The Cathedral of the Immaculate Conception
The first Catholic Church in Port of Spain was built in 1781 by the Spanish governor Martin de Salverria on the site that is now known as Tamarind Square.
The English governor Sir Ralph Woodford decided to build a church better suited to the growing and predominantly Catholic population. Plans were drawn by the governor’s secretary, Phillip Renagle, and the foundation stone was laid on 24 March 1816. The new church was located west of the existing church at the eastern end of what was MARINE Square, one Independence Square.
The building was laid out in the shape of a Latin cross and built of blue metal from the Laventille quarries, with iron framework from England for the doors and windows.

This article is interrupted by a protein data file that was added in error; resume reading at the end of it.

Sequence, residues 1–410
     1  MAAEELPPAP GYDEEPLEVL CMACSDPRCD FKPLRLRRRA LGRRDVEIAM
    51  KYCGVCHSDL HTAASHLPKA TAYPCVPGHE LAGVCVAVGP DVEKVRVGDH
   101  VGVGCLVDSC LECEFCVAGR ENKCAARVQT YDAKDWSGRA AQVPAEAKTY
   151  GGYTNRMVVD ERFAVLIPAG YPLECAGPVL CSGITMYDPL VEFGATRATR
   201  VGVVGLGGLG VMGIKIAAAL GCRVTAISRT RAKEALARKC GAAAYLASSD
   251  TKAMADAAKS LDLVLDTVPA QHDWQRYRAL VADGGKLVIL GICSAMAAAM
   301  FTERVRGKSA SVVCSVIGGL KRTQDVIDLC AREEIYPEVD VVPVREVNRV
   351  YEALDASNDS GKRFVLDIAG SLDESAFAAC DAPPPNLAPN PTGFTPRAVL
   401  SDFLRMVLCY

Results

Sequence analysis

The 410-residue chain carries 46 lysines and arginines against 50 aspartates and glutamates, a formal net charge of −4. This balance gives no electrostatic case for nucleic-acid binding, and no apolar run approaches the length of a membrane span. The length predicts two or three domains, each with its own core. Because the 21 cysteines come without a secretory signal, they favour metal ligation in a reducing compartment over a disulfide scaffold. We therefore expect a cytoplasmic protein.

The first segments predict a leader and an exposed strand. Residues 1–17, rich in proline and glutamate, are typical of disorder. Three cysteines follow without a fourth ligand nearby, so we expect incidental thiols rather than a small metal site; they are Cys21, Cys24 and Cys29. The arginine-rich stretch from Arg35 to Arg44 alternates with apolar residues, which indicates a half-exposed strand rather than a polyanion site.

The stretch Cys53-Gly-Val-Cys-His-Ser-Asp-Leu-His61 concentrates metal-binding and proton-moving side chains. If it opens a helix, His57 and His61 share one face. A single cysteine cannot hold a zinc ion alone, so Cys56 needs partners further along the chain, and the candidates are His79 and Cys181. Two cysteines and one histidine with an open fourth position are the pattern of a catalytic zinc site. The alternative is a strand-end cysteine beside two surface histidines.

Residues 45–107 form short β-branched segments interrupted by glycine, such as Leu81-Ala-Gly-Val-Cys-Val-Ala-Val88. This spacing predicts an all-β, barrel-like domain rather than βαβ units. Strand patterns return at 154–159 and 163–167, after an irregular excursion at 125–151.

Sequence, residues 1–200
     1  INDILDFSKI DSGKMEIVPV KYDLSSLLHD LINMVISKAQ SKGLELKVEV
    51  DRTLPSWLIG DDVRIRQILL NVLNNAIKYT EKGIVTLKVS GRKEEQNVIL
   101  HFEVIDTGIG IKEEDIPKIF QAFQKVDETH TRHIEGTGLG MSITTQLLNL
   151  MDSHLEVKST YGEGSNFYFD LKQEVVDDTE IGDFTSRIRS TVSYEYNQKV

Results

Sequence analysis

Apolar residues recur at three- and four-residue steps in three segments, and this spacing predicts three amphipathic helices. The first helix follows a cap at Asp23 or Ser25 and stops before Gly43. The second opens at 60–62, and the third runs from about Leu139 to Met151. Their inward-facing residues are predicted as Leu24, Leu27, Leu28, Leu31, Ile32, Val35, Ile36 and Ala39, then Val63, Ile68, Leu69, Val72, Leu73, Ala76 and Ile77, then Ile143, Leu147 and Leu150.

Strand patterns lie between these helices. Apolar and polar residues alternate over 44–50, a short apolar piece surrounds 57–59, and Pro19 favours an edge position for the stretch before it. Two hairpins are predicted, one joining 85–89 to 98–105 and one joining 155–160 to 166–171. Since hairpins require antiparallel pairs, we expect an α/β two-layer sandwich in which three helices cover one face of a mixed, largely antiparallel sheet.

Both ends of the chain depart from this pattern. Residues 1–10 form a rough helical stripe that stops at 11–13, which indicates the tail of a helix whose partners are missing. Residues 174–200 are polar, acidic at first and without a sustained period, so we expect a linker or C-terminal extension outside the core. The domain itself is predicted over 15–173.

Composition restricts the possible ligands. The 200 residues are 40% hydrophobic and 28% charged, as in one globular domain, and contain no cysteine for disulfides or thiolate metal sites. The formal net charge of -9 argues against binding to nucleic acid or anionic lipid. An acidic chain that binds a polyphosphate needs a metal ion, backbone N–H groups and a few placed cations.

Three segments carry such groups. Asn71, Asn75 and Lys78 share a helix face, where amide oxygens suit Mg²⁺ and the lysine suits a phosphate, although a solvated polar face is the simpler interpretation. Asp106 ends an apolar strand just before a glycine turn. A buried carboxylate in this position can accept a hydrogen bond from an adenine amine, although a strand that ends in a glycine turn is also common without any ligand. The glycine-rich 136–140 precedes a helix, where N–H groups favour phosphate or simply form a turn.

Dr James Buckley, Vicar Apostolic to the Holy See, arrived in Trinidad in March 1820 and the church became a Cathedral. Completed in 1832, the Cathedral would be consecrated in 1849 after all the debts had been paid. In 1851 Pope Pius IX declared that the cathedral was to rank as a Minor Basilica.
On 2 September the twin towers, originally built of stone, were destroyed by an earthquake and rebuilt in wood as they are today. The towers contain twelve bells and a clock, added in 1879.
Olga J. Mavrogordato
Address: Independence Square North
Town/City: Port of Spain
Region: Port of Spain
Site Type: Cultural Heritage
Public Accessibility: Limited Access
Listing Status: Stage 4 – Preparation of Dossier for Heritage Site
Site Features: Places of Worship
Independence Square North, Port of Spain